Yesterday a judge in Fresno issued an order throwing out the $19.1 million judgment against Fresno State awarded to former women's basketball Stacy Johnson-Klein last fall, saying he will order a new trial unless Johnson-Klein accepts a reduced award of $6.6 million instead. She has until February 22 to decide. (Fresno Bee's coverage is here.)
Judge Black reasoned that while the component of the jury award based on past and future economic damages (lost pay) was supported by the evidence, there was insufficient evidence to support its conclusion that Stacy Johnson-Klein deserved the $14 million in noneconomic damages (emotional harm). He noted, "In an extensive search of the case law involving employment discrimination, the court has located not a single case where a comparable emotional distress award has been made....Even in this state famous for runaway juries, nothing was found approaching this award." Consequently, he reassessed the value of Johnson-Klein's emotion distress to $600,000 (past) + $950,000 (future).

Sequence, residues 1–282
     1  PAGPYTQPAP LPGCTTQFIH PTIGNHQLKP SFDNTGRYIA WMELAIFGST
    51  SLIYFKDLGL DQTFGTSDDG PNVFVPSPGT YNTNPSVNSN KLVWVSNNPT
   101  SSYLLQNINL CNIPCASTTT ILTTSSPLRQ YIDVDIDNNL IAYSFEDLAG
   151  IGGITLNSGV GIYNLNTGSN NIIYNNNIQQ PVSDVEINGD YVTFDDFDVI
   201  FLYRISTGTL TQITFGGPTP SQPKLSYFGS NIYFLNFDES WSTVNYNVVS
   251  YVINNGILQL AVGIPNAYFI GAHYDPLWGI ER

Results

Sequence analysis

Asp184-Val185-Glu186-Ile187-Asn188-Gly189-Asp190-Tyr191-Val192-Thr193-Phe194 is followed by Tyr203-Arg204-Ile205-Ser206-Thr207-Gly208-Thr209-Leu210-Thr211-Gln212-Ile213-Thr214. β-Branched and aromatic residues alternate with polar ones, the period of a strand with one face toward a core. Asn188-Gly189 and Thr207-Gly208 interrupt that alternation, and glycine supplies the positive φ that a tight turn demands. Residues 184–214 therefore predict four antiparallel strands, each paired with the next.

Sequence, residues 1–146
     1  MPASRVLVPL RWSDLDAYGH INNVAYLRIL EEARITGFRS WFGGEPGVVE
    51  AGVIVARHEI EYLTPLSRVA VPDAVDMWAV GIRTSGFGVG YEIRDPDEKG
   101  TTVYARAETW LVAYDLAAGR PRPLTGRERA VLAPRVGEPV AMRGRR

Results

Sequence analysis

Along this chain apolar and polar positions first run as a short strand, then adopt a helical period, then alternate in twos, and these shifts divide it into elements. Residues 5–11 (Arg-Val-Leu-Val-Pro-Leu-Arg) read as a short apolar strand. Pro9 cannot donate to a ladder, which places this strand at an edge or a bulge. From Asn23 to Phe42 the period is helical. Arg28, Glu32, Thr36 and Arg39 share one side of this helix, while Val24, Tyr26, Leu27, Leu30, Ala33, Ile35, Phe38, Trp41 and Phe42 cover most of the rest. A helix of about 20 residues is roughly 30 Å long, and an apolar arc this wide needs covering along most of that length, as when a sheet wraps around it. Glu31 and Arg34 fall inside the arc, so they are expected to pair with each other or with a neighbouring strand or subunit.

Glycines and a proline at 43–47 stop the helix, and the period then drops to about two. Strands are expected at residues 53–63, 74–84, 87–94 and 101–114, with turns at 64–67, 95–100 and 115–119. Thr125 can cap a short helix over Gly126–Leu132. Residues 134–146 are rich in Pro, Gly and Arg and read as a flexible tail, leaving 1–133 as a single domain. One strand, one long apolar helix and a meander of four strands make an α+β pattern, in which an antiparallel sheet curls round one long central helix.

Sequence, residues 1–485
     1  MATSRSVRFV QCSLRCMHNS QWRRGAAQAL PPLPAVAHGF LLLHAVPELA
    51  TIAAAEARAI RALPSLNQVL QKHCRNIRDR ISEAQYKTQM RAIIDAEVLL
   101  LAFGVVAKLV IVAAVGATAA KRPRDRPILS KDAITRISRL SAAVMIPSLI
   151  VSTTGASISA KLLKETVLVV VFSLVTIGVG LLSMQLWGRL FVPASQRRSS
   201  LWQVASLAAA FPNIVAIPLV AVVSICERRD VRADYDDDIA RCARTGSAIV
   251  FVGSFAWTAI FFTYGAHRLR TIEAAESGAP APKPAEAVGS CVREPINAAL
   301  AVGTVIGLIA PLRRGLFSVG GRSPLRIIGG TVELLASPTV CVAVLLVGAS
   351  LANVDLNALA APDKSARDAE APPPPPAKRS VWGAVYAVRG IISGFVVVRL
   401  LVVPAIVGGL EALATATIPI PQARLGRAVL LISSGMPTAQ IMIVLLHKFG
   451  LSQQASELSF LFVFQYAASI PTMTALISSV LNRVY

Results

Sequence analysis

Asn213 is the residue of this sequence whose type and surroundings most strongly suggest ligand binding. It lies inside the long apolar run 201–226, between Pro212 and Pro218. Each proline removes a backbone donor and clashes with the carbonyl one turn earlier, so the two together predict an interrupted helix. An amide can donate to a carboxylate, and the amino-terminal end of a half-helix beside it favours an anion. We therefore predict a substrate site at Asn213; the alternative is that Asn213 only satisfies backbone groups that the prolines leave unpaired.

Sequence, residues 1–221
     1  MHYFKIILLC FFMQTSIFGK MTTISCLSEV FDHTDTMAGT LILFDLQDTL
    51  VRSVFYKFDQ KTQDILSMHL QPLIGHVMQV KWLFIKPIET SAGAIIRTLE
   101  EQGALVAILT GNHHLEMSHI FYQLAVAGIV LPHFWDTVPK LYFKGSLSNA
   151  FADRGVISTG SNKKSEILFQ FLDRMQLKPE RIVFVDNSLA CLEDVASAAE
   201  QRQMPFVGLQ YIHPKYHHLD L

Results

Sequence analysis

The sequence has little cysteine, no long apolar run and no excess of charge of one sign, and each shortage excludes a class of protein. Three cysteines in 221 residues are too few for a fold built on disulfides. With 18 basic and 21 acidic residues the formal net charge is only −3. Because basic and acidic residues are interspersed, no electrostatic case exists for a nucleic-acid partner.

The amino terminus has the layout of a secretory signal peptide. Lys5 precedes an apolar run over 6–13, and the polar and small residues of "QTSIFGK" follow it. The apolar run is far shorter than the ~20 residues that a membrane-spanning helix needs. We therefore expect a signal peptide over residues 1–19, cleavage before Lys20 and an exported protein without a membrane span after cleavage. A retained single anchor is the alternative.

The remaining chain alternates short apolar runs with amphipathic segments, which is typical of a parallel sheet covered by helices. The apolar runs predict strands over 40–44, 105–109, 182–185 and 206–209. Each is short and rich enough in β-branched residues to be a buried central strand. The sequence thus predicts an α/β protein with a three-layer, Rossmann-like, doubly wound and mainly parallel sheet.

In our earlier post about Fresno State's post-trial motions, we suggested that this was the aspect of the jury's decision that was most vulnerable to reversal, and suggested that would seem to be an appropriate result. I think this is actually a no-brainer for Johnson-Klein: take the $6.6. This is an appropriate assessment of damages for past and future economic harm and a generous assessment of emotional harm. Fellow Fresno State plaintiff Lindy Vivas received $5.8 million a case where Fresno State's defense was, IMHO, even weaker.
In the same order, Judge Black rejected Fresno State's arguments that lack of evidence on the jury's findings on liability (as opposed to damages) warranted new trial or a judgment notwithstanding the verdict. The jury had substantial evidence from which to find that sexual harassment, gender discrimination, and retaliation occurred, he concluded.
Judge Black also rejected Fresno State's argument that juror misconduct occurred.